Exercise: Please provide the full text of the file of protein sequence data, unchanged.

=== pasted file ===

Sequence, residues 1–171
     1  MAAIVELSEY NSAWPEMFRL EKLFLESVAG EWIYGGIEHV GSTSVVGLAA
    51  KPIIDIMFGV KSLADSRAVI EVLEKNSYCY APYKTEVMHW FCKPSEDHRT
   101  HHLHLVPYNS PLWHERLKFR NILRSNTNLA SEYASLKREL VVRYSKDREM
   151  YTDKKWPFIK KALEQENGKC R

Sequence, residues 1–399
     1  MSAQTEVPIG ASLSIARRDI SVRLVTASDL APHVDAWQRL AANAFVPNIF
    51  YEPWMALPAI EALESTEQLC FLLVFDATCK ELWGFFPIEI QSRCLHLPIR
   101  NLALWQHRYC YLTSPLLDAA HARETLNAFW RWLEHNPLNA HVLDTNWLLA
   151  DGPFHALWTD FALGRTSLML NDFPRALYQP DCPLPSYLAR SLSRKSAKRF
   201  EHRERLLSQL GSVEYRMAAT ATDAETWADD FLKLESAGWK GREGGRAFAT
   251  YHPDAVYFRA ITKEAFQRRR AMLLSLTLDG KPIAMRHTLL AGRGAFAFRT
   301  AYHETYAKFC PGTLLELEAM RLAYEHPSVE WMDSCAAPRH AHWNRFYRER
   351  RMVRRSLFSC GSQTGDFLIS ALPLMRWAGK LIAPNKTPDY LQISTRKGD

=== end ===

Sequence, residues 1–171
     1  MAAIVELSEY NSAWPEMFRL EKLFLESVAG EWIYGGIEHV GSTSVVGLAA
    51  KPIIDIMFGV KSLADSRAVI EVLEKNSYCY APYKTEVMHW FCKPSEDHRT
   101  HHLHLVPYNS PLWHERLKFR NILRSNTNLA SEYASLKREL VVRYSKDREM
   151  YTDKKWPFIK KALEQENGKC R

Sequence, residues 1–399
     1  MSAQTEVPIG ASLSIARRDI SVRLVTASDL APHVDAWQRL AANAFVPNIF
    51  YEPWMALPAI EALESTEQLC FLLVFDATCK ELWGFFPIEI QSRCLHLPIR
   101  NLALWQHRYC YLTSPLLDAA HARETLNAFW RWLEHNPLNA HVLDTNWLLA
   151  DGPFHALWTD FALGRTSLML NDFPRALYQP DCPLPSYLAR SLSRKSAKRF
   201  EHRERLLSQL GSVEYRMAAT ATDAETWADD FLKLESAGWK GREGGRAFAT
   251  YHPDAVYFRA ITKEAFQRRR AMLLSLTLDG KPIAMRHTLL AGRGAFAFRT
   301  AYHETYAKFC PGTLLELEAM RLAYEHPSVE WMDSCAAPRH AHWNRFYRER
   351  RMVRRSLFSC GSQTGDFLIS ALPLMRWAGK LIAPNKTPDY LQISTRKGD